Silent Earth, Averting the Insect Apocalypse, by Dave Goulson, Published by Jonathan Cape, London in 2021. (imprint of Vintage which is part of Penguin Random House, London.) 328pp. Hardback £20. ISBN 978-1-787-33334-5 & 9 781787 333345 A review:
Hot on the heels of other books on the impending disaster to affect the wildlife world we live in, this is another that adds to the debate. It seems that lockdown has had a positive effect on the productivity of all authors. But this assessment of the decline of insects is from an academic for consumption by the general public. And he is good at it, converting scientific facts, arguments and counter-argument into some interesting discussion. The author is Prof. Dave Goulson, lecturer at the University of Sussex, who, when he is not writing books, looks after freshers giving them a tour of the campus to assess their readiness to understand the living world, identifying the common birds and the bees (which they do very poorly). His lecturing circuit of about 40 lectures a year allow him to assess audiences, and he agrees that talking to primary school schoolchildren is more fulfilling as they pay attention and are enthralled, compared to secondary pupils. He sees a drift of grey hairs in some of the older audiences and they also are more keyed into what is happening. He says that about 90% of the population could not care less about the environment, and he is right, possibly higher. This is however a flaw in his halting the apocalypse. Will they all respond?
There are five sections of the book, Why Insects Matter, Insect Declines, Causes, Where are we headed? and What we can do? in all 21 chapters. Each chapter is quite short and succinct and reads without giving specific references (making the text a better read), but the references are at the back of the book under chapter headings if anyone wants to fact-check Goulson’s comments and threads. The author draws on his own academic published work, and his travels around the world making observations. Having just reviewed McGavin’s audio book on insects (All Creatures Small and Great), both authors have used the same published work, whether it is the German experience of declining insects or the Knepp experience of wilding, and drawing on the quoted works of Carson, EO Wilson, Fabre, Monbiot or Attenborough. It is surprising how there is a relatively small body of work on declining species out there, that everyone quotes. The difference with this book and the others is that Goulson supports all his commentaries with graphs and scientific evidence – almost, but not quite, at the level of a textbook. Most pages are enlightening, and the book can be dipped into to get a different flavour. There are at least ten books I have around me here on the impending Armageddon and the story is the same, the relatively few references the same, Carson being the first key witness.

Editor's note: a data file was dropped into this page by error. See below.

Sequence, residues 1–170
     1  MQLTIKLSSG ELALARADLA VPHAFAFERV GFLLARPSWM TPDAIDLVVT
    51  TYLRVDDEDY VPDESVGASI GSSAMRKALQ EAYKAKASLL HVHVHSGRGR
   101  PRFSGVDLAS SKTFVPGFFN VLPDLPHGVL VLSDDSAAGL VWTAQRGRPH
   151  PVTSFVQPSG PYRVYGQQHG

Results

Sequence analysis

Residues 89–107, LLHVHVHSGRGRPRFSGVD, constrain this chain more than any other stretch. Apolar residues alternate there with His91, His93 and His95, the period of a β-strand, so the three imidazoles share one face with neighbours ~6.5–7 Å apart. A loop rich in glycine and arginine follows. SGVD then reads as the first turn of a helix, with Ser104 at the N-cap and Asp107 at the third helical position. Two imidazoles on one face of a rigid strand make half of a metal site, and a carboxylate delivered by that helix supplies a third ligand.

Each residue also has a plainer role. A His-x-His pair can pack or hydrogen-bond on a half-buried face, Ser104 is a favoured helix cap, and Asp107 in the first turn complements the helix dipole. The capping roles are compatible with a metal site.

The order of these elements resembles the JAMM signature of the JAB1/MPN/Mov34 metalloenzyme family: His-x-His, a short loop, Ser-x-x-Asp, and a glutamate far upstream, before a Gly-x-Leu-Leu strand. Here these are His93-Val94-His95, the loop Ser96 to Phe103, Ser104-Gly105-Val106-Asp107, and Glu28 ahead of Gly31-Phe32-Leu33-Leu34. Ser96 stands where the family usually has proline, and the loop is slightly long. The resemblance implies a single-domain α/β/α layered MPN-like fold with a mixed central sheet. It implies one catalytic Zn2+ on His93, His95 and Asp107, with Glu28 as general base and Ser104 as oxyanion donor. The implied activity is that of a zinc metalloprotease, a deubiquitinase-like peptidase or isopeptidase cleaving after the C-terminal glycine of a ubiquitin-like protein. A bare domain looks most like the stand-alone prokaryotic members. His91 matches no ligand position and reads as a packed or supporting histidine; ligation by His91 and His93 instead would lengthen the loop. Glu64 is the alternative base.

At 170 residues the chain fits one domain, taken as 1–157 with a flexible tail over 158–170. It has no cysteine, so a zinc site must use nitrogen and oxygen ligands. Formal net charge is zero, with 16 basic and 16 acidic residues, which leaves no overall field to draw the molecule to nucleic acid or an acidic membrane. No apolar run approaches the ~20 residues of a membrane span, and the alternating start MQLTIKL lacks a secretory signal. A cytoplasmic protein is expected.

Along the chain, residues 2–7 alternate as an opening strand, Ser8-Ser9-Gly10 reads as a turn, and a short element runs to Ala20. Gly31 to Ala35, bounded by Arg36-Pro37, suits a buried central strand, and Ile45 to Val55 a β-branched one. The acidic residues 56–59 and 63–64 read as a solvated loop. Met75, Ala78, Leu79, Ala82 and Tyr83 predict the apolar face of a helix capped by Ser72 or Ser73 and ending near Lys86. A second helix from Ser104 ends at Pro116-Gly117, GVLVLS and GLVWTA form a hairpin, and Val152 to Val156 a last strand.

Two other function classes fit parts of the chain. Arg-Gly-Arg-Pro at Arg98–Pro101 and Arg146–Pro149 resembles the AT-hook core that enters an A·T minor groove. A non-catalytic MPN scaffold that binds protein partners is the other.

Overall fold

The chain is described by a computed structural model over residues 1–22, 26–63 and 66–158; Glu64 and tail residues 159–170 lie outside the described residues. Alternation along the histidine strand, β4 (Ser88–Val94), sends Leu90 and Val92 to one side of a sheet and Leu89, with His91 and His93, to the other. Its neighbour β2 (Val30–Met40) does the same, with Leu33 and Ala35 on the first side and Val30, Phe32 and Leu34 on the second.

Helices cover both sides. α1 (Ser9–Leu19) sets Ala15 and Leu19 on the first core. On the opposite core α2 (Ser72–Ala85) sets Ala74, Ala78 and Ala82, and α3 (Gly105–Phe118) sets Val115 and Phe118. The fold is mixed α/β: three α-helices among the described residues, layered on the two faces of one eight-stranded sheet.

So where does Goulson really stand. He is an optimist. He says on the flyleaf ‘it is not too late for insect populations to recover’. Attenborough also says that on television. That does not fit comfortably with the 90% who do not care less. Even the sub-title is optimistic ‘averting the insect apocalypse’. Topically he has one chapter on life in the future after the apocalypse several decades on, and another chapter on how to get things right before the apocalypse, education, involvement at local level and getting involved in politics. Goulson also muses on Rumsfeld’s ‘knowns and unknowns’ and ‘unknown knowns’ in the biodiverse insect world. He also has a chapter on ‘Bauble Earth’ about light pollution and effects on wildlife, also very topical at the moment.
Goulson is a bee expert and he often refers to his other books (three out of five on bees and bumblebees) and one has the feeling that one should have read his The Garden Jungle before writing this review as he often refers to it. His appraisal of the effects of neonics on bees is excellent. Curiously, various vignettes on the peculiarities of a handful of insects are placed at the end of the chapters, not related to the subject matter, but the tiniest peek into the world’s biodiversity that we might loose, such as the earwig with two penises if you have ever seen it in the first place. With the insect world in Britain of 27K species these are not key to the message of the book, and therefore a distraction, perhaps an entrée into the bizarre world of biodiverse insects for a new book?